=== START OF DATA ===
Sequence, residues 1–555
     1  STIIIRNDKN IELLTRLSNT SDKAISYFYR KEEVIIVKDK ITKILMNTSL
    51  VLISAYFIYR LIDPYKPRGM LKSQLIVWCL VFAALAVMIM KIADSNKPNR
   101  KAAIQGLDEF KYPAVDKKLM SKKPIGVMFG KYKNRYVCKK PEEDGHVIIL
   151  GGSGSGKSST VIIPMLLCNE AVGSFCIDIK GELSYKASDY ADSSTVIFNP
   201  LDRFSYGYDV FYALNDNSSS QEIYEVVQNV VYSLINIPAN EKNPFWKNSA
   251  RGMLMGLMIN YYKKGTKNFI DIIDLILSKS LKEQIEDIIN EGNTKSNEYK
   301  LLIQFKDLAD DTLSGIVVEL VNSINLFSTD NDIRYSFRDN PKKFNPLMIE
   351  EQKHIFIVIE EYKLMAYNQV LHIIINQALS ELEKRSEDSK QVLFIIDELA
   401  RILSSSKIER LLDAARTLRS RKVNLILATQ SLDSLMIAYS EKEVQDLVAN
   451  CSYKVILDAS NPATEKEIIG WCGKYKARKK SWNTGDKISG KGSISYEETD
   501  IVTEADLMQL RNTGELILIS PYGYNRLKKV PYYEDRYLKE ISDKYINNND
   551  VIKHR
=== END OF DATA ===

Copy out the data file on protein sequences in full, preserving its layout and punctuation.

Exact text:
Sequence, residues 1–555
     1  STIIIRNDKN IELLTRLSNT SDKAISYFYR KEEVIIVKDK ITKILMNTSL
    51  VLISAYFIYR LIDPYKPRGM LKSQLIVWCL VFAALAVMIM KIADSNKPNR
   101  KAAIQGLDEF KYPAVDKKLM SKKPIGVMFG KYKNRYVCKK PEEDGHVIIL
   151  GGSGSGKSST VIIPMLLCNE AVGSFCIDIK GELSYKASDY ADSSTVIFNP
   201  LDRFSYGYDV FYALNDNSSS QEIYEVVQNV VYSLINIPAN EKNPFWKNSA
   251  RGMLMGLMIN YYKKGTKNFI DIIDLILSKS LKEQIEDIIN EGNTKSNEYK
   301  LLIQFKDLAD DTLSGIVVEL VNSINLFSTD NDIRYSFRDN PKKFNPLMIE
   351  EQKHIFIVIE EYKLMAYNQV LHIIINQALS ELEKRSEDSK QVLFIIDELA
   401  RILSSSKIER LLDAARTLRS RKVNLILATQ SLDSLMIAYS EKEVQDLVAN
   451  CSYKVILDAS NPATEKEIIG WCGKYKARKK SWNTGDKISG KGSISYEETD
   501  IVTEADLMQL RNTGELILIS PYGYNRLKKV PYYEDRYLKE ISDKYINNND
   551  VIKHR